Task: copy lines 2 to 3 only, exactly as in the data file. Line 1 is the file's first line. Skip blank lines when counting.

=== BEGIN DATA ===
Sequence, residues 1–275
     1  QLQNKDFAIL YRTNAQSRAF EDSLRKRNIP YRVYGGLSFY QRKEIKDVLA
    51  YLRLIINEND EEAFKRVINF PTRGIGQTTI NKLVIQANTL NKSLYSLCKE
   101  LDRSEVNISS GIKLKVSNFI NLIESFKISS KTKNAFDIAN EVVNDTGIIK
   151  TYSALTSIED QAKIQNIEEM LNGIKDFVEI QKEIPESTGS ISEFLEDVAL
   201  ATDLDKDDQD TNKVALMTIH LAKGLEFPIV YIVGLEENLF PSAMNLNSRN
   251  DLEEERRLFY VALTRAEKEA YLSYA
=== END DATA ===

     1  QLQNKDFAIL YRTNAQSRAF EDSLRKRNIP YRVYGGLSFY QRKEIKDVLA
    51  YLRLIINEND EEAFKRVINF PTRGIGQTTI NKLVIQANTL NKSLYSLCKE